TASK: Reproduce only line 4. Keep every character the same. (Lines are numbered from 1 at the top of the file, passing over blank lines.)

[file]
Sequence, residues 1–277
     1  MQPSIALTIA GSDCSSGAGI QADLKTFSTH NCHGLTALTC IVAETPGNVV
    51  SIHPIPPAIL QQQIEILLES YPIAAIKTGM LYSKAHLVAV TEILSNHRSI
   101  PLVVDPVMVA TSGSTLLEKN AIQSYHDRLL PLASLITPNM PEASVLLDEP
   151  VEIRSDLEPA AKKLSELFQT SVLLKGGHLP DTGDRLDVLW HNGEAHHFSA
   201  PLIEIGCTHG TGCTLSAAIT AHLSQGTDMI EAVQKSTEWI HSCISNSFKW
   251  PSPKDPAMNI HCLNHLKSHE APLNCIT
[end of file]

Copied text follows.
   101  PLVVDPVMVA TSGSTLLEKN AIQSYHDRLL PLASLITPNM PEASVLLDEP